"i've been sleeping twenty years or more / i remember a long time ago..."
In 1988, after four years of dormancy and a record label change, DEVO unleashed Total DEVO upon the spuds and spudettes of the world. As a huge DEVO-tee since the early '80s, I was beside myself with excitement.
Then I heard the first single, "Baby Doll", and nearly cried.
The previous DEVO album, Shout had been such a profound disappointment (excepting the genius, mutated remake of Hendrix's "R U Experienced?" and a great album track called "The 4th Dimension") that I thought a four-year layoff would help the band who was once responsible for such classics as "Girl U Want", "Mongoloid" and yes, "Whip It" recharge their creative batteries.
"Baby Doll" depressed me. It was more of the same, professional, smooth synthpop DEVO had been reduced to. I wasn't looking forward to the rest of Total DEVO, but as a true fan must, I soldiered on. Unfortunately, nothing else on the album (which was among the first purchases I ever made in the still-emerging CD format) struck me, and Total DEVO sat on the shelf.
For 17 years.
2003 rolled around and saw the long-awaited release of DEVO's video compilation DVDThe Complete Truth About De-evolution (which, missing "Experienced" and "Dr. Detroit", is not quite Complete). I sat entranced by the band's subversive genius, and when the video for "Disco Dancer" came on, it hit me - the song may seem on the surface to be about a disco dancer waking up ten years too late from hibernation and trying to fit in with the modern world, but dig deeper...it very well may be about DEVO themselves and their place in pre-grunge alternative music:
I've been sleeping twenty years or more I remember a long time ago Now I'm back to change your mind Now I'm moving right in time In a world that's turned unkind I can see what's going on behind my back
Now it's one of my favorite DEVO songs. I still hate "Baby Doll", though.
And since I haven't posted a Brain-Melting Video in a few weeks, please enjoy Jermaine Jackson and DEVO, performing "Let Me Tickle Your Fancy" in 1982. Yes. Oh, yes.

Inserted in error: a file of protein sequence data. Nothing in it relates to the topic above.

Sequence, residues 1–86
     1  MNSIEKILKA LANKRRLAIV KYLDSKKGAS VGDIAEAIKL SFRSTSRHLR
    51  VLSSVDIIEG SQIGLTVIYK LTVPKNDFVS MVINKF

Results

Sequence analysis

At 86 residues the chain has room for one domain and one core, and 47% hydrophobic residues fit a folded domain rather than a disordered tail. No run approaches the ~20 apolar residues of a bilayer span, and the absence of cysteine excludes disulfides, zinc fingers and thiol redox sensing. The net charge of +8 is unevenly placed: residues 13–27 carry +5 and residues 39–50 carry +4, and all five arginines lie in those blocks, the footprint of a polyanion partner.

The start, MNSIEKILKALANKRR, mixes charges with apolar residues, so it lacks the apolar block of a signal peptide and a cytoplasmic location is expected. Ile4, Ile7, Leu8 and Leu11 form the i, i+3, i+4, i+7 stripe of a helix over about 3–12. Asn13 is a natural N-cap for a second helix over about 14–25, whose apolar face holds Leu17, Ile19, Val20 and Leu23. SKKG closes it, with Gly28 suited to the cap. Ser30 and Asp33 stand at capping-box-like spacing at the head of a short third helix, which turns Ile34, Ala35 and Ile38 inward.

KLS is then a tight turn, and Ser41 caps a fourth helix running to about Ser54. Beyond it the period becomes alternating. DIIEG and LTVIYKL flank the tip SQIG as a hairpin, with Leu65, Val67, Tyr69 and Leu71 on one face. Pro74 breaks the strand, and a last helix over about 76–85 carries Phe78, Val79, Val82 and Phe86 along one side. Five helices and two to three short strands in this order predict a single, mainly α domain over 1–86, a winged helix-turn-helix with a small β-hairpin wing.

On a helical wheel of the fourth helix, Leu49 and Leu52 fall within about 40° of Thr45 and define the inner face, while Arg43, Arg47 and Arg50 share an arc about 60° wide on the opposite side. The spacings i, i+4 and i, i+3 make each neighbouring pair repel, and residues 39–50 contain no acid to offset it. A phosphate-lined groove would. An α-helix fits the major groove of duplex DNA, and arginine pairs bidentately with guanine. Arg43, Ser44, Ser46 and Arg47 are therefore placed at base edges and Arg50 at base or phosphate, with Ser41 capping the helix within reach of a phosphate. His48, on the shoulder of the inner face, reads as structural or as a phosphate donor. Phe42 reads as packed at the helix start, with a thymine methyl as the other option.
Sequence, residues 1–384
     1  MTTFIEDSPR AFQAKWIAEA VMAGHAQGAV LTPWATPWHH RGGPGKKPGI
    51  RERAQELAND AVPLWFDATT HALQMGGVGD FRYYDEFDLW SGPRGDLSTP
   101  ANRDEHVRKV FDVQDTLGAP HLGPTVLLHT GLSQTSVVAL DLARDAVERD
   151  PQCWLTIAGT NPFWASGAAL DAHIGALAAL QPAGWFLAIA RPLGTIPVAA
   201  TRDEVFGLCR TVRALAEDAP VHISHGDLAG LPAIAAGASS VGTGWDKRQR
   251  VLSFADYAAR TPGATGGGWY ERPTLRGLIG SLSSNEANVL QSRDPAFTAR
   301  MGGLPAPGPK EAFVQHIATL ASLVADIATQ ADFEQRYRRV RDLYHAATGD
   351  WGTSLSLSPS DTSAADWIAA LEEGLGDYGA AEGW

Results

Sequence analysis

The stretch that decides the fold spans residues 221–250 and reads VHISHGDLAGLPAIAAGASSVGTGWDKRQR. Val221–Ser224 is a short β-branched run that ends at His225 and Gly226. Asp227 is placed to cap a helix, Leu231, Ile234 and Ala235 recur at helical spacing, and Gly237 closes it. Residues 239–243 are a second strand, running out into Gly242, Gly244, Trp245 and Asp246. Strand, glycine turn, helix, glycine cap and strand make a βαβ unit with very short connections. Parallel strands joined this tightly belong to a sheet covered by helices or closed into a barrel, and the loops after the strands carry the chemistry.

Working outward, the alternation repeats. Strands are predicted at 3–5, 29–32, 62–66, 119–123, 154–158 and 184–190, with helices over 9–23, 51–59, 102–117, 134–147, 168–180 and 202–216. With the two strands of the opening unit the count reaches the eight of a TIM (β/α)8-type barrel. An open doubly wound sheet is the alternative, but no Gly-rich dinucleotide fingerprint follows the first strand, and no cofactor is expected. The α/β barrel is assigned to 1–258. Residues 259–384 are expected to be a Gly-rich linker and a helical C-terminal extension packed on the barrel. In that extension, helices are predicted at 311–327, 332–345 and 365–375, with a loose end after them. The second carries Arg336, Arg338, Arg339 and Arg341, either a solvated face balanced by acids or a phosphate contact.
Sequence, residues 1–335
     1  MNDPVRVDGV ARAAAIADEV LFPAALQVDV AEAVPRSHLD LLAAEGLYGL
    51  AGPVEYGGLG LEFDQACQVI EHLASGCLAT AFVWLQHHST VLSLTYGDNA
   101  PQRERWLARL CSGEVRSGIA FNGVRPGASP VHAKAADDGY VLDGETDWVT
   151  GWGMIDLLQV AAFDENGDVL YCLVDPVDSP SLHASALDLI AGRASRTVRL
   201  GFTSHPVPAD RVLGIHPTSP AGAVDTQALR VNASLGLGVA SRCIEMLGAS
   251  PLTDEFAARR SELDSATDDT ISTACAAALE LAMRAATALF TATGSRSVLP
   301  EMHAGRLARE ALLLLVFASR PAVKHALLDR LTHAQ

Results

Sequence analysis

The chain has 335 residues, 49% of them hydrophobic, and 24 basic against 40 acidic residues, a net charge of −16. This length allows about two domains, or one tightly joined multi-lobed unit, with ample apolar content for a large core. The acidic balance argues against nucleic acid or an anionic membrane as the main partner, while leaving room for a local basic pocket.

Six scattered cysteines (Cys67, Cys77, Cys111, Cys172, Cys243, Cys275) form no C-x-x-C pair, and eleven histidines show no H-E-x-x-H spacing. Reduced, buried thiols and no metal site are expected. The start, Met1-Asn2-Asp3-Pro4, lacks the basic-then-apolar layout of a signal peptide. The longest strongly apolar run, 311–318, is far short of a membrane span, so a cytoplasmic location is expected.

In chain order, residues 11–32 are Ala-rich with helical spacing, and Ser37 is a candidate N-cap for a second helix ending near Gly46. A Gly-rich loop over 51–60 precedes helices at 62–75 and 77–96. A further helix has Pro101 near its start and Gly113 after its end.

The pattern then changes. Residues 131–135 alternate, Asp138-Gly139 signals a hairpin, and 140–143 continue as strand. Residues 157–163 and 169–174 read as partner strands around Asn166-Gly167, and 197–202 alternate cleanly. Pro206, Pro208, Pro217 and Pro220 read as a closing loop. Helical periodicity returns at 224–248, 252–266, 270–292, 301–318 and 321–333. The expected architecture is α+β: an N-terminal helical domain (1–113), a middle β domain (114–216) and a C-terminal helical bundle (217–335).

"Disco Dancer" peaked at #45 on the Billboard Club Play Chart in 1988.
"you treated me like your doormat / and walked all over my heart"
Despite becoming a homeowner this year, I've discovered that I still owe taxes...so much for all those huge deductions. When I need a quick infusion of cash, the first thing I do is flip thru my CDs, looking for stuff to sell back. Of course, that's always tough because I can never seem to part with anything, no matter how long its been since I listened to it. While doing a bit of research into some of the rarer titles I have, I about plotzed when I saw Re-flex's one and only album, The Politics of Dancing, going for just a hair under $400.00 on Amazon.
That's right, $400.00. The decimal point is not misplaced. Huh, wha, huh?
While Politics is one of my favorite releases from 1983 (the absolute best year ever for music - trust me - someday I'll tell you all the reasons why), I have to admit, I'm having trouble justifying paying $400 for it. The hit title track is readily available on several compilations and the rest of the album is, mmmm, okay. Not $400 okay. More like $18.99 okay. One of the better songs from it was the second single, "Hurt", which, admittedly, sounded a bit like "The Politics...". I vaguely remember seeing the video once or twice on MTV, something to do with a male and a female robot at home, getting into a fight with the male robot exploding or something. Unfortunately, the label's assholism aggressive protection of its copyright has made it impossible to find on YouTube. I also had the 12" mix of this single, but thank my Mom for selling it in a garage sale while I was in Army Basic Training. Thanks, John's Mom!
After "Hurt's" anemic charting, Capitol Records tried again with a third single, "Praying To The Beat, that fared even worse. Not for trying, though..."Praying..." is a nice little driving number, and was the perfect album opener, if not third single. It looked like Re-flex was headed for one-hit wonderdom, unless their second album made a splash...
...alas, that second album, Humanication never saw the light of day, thanks to internal band squabbling and record company indifference. Humanication was completed, but Capitol chose not to release it, shelving it, where it collected dust for years and years until someone leaked a nice, clean DAT copy of it over the internet. A band member perhaps? Thanks to long-time LIT80s reader - let's just call him "D" - we can all hear what Humanication would have been like - here's the title track.
Wonder if that one would fetch $400?